Fishkeeping is a fun and rewarding hobby, though can be challenging for novices. Even seasoned enthusiasts have those “ah-ha” moments when they realize their methods are not always the best path to success. As the originator of the Species Specific™ diet and an industry leader for over 146 years, Hikari® offers hobbyists the world’s most recognized premium aquatic diets. If you are looking to ensure your aquatic pets live a long and health-filled life, here are some battle scars we have earned that you might want to avoid.
Overcrowding Your Aquarium
Fish are beautiful and enjoyable pets in any home, but adding too many fish at once or crowding a small tank is a common impetus for aquarium and fish problems. When first getting started in the hobby, it can be tempting to add a lot of new fish to a tank or add a fish too early. It’s important to remember adding fish too early, before your tank is cycled, or too many fish at one time, can cause an imbalance in ammonia and nitrite in your tank, making it impossible for your bioaction to keep up with the increased ammonia coming into the system from the new arrivals.
Adding too many new fish to your aquarium setup at one time also automatically increases fish stress. This can make your original tank inhabitants, as well as the new ones, more susceptible to stress induced disease. A rapid change in the water quality, or space your fish has carved out in the tank that is now gone, can easily negatively impact the immune systems of your original fish. While discovering new fish is exciting, waiting until you are sure your tank, environment, and existing fish can handle the new addition can prevent stress and ensures your filtration system has time to reach maximum efficiency.
For new hobbyists who are unsure fishkeeping is really for them, the temptation might be to cut costs and invest in a smaller tank. While budget is an important concern, often the best plan of action is to start with the largest tank you can afford that can fit comfortably in your home. This will eliminate the concern that your fish are overcrowded, or that you have to upgrade in a short period of time to keep all the fish you grow to love.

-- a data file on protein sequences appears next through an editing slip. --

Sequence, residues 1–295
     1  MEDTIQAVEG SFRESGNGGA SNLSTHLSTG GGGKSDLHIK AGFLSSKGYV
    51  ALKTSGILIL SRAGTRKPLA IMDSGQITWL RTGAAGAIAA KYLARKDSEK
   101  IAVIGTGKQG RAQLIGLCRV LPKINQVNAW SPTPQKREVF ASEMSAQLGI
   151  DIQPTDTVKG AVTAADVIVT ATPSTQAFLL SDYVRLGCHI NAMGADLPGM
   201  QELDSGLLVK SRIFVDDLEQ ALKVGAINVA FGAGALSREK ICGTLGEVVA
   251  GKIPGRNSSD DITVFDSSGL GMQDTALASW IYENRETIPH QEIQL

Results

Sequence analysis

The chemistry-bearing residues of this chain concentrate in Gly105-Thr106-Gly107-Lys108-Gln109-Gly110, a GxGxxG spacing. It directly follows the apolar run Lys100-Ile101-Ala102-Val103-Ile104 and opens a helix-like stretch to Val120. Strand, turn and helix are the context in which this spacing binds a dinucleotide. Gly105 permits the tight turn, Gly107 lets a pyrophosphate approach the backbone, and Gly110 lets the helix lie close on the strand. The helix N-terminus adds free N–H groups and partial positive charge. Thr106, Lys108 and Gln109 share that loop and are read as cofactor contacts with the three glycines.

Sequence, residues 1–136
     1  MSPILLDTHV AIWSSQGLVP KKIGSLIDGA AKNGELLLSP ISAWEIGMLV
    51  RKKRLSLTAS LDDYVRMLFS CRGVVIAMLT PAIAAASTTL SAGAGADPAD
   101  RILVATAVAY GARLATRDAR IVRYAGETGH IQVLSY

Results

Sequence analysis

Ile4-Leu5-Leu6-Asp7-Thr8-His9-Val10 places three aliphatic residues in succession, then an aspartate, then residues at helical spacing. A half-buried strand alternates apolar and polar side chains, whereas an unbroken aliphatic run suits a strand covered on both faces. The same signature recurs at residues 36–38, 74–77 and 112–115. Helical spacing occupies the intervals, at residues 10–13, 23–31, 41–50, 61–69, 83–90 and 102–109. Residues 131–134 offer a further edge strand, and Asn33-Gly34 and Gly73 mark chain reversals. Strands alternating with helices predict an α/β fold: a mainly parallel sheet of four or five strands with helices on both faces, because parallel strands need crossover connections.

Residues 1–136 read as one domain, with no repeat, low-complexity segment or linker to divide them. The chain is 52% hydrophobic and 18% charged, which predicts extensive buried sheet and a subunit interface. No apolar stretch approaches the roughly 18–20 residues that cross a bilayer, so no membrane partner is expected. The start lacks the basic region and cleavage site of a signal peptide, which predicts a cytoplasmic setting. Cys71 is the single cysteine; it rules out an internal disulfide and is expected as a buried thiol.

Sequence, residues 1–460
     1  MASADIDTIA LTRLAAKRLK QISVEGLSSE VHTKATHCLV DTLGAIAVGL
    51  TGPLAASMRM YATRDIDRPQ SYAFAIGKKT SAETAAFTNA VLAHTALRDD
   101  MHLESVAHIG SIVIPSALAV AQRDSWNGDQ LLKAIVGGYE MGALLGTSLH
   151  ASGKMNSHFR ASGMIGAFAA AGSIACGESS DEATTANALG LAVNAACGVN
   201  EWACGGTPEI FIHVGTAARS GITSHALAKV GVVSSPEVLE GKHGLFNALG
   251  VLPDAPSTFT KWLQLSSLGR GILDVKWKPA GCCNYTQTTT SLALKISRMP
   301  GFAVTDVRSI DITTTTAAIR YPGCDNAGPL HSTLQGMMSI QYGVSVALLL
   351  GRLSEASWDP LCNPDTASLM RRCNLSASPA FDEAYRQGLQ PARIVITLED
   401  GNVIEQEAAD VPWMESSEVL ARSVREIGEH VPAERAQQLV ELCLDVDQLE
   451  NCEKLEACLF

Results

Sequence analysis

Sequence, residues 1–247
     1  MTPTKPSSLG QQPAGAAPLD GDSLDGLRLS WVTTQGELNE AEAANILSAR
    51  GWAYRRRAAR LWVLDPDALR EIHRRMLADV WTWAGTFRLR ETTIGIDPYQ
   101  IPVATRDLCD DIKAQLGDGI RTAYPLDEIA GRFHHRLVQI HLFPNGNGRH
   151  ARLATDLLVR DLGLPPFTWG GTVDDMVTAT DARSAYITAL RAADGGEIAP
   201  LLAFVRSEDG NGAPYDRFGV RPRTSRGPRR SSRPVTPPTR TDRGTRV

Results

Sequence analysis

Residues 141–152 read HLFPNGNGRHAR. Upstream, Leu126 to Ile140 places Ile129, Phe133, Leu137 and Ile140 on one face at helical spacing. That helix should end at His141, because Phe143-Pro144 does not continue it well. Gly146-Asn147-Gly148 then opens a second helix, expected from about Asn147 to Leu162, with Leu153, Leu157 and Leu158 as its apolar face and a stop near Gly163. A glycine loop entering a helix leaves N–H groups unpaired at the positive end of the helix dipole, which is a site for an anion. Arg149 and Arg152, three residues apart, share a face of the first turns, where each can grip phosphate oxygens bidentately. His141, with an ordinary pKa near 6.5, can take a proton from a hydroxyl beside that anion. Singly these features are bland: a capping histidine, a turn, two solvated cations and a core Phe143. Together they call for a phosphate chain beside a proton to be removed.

Overfeeding and Underfeeding
Improper feeding is a common mistake many aquarium owners make. While worrying your fish are not eating enough is an understandable concern, overfeeding can cause significant harm to the health and environment of your fish. Food that is not consumed is left decaying in the water which can cause several water quality issues. If left unattended for longer periods, this food can break down into a toxic environment. Overfeeding also leads to more waste from your fish, which can increase ammonia levels and reduce oxygen levels. By sticking to a consistent feeding schedule and ensuring any uneaten food is properly removed from the aquarium after the feeding period, your aquatic environment will be clear and safe for your aquatic pets to enjoy.
Now, not feeding your fish enough can be just as dangerous as feeding too much. While it is often better to err on the side of too little than too much, underfeeding fish can be an easy mistake to make and over time cause malnourishment. Lethargy, loss of coloration, reduced growth and sluggish response are all signs your fish might not be receiving adequate nutrition. Though fish are adapted in the wild to go without food for extended periods of time, underfed fish can suffer from several health issues related to lack of nutrition. By recognizing the unique dietary needs of your fish and adjusting accordingly, you can be sure they receive optimum levels of food. Feeding between 1.7 and 2.0 times the body weight of your fish is a range you want to stay in. Additionally, smaller feedings each day instead of one or two larger ones is best. Try to avoid feeding within an hour of the lights coming on or going off as your fish will be more active and digest the food more completely when following this schedule.
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